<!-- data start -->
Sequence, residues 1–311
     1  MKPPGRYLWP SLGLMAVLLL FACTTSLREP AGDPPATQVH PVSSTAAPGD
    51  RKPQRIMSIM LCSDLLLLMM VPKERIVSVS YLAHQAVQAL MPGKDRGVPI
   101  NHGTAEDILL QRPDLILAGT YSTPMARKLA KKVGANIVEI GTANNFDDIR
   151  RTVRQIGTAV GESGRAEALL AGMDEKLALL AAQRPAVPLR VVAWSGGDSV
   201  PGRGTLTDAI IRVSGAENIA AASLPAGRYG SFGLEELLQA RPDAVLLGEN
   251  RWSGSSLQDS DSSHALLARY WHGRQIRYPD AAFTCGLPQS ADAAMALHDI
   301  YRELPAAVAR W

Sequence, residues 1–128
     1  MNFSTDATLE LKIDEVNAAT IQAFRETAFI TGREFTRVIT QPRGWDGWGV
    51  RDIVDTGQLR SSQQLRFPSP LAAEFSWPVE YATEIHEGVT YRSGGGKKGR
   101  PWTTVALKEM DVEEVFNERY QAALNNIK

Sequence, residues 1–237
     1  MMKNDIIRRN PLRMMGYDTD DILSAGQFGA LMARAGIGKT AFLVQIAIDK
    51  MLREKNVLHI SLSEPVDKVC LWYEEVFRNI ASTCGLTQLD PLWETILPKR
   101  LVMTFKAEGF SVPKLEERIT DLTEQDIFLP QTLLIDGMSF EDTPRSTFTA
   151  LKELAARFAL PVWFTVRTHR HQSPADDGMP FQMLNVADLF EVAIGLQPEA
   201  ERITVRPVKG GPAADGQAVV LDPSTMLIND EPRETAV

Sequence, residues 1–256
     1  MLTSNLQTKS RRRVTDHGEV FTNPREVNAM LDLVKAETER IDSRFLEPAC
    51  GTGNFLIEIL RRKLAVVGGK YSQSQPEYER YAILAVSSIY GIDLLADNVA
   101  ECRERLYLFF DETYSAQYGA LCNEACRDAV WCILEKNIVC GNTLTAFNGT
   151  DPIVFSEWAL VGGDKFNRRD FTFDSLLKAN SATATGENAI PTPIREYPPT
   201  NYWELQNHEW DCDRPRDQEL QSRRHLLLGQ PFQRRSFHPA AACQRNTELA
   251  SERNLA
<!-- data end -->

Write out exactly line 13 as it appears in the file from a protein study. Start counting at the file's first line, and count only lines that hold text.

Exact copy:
Sequence, residues 1–237